Long March 5 resumes launches with China’s heaviest satellite

Image courtesy of CASC.

On 27 December 2019, China’s largest rocket, the Long March 5, resumed operations after its launch failure in July 2017. The latest launch marked the 3rd flight of the rocket, and carried China’s newest and heaviest communications satellite, Shijian-20.

The Long March 5, which lifted off from Wenchang Satellite Launch Centre, was declared a success and will be used for China’s Mars and Moon missions, both slated to take place in 2020 – Mars around June, and the Moon at the end of the year, having been delayed for 2 years already.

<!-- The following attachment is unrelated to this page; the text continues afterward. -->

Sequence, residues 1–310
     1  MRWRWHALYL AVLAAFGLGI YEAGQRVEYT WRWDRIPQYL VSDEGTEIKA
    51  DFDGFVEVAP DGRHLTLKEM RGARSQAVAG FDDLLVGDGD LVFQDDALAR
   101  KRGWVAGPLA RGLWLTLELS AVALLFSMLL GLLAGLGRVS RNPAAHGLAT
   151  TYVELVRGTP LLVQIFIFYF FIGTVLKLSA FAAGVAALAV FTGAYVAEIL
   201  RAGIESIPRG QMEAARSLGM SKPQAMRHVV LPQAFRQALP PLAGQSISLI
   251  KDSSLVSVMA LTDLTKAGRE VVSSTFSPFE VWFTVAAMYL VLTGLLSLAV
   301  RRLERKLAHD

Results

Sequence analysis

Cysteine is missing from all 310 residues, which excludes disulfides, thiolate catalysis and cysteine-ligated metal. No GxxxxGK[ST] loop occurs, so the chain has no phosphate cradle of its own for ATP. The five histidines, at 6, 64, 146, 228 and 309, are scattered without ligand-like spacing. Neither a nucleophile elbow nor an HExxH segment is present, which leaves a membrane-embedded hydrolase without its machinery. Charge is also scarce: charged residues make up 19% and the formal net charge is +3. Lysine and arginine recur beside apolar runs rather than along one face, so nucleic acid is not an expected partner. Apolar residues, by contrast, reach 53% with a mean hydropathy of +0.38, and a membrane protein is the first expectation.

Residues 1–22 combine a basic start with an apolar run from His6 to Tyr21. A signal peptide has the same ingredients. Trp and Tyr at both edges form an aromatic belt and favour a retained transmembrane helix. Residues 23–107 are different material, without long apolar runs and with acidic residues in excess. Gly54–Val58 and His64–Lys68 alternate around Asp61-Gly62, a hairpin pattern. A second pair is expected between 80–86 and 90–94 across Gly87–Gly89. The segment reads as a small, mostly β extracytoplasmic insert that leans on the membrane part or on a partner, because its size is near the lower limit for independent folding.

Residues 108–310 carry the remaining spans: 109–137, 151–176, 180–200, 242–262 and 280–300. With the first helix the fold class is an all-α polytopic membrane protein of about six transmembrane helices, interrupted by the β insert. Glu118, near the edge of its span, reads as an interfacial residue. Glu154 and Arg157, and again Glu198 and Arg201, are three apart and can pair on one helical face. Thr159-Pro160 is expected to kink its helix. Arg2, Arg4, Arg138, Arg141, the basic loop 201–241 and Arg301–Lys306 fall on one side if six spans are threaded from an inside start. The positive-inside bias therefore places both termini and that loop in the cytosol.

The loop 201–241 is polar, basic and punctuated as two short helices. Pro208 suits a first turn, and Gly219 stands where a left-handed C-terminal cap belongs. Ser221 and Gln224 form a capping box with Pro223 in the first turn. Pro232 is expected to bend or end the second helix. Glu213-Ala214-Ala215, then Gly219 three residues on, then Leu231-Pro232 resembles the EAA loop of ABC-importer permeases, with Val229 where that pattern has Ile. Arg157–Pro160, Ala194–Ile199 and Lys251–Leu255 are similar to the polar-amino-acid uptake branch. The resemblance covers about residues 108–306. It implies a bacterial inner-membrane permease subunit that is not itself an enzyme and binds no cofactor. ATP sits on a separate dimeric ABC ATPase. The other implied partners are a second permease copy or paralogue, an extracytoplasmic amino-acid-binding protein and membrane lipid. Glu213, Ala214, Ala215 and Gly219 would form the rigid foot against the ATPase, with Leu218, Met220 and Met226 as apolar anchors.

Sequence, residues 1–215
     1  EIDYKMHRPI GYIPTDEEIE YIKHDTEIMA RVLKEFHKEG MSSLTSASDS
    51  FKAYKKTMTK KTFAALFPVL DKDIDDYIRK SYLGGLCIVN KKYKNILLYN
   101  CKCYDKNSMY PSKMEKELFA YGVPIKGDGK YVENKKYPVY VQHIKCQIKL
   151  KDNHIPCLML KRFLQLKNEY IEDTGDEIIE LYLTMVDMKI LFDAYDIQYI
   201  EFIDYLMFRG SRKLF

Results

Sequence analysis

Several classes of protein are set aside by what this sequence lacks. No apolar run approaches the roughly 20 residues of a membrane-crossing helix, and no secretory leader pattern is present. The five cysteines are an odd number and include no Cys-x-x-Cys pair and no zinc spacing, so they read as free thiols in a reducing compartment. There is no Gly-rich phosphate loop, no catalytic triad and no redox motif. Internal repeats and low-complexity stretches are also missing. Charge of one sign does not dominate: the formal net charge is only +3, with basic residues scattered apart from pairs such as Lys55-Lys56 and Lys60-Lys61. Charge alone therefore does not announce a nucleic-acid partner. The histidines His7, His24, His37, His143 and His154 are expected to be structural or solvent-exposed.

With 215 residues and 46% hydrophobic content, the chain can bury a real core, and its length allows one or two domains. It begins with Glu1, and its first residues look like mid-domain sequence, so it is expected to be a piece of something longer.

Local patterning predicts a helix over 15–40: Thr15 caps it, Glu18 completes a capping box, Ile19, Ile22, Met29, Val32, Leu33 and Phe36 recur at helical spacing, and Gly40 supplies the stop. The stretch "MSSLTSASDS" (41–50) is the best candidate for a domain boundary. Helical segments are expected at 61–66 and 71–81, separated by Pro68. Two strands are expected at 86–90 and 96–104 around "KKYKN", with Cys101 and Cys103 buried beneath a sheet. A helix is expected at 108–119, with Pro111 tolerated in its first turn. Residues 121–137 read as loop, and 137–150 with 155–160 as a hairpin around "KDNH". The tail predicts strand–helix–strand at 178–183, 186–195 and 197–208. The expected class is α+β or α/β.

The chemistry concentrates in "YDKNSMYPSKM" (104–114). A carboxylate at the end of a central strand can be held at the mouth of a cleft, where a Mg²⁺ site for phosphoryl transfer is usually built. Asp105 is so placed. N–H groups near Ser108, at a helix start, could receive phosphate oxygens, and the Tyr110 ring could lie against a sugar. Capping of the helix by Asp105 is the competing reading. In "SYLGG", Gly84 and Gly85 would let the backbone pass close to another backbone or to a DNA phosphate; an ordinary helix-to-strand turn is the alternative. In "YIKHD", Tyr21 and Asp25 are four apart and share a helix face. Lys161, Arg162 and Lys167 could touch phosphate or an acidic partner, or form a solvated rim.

Shijian-20 has a liftoff mass of about 8,000 kg, using up slightly more than half of the Long March 5’s payload capability of 14,000 kg to Geostationary Transfer Orbit (GTO). The communications satellite, which carries Ka-band high throughput payloads, and payloads for optical laser communication and quantum communication. These are being housed in the Dongfanghong-5 satellite bus, a new bus that is China’s largest and which is driven by new propulsion systems. China has reported that the satellite has successfully made it to its designated orbit, after 7 orbital maneuvers.

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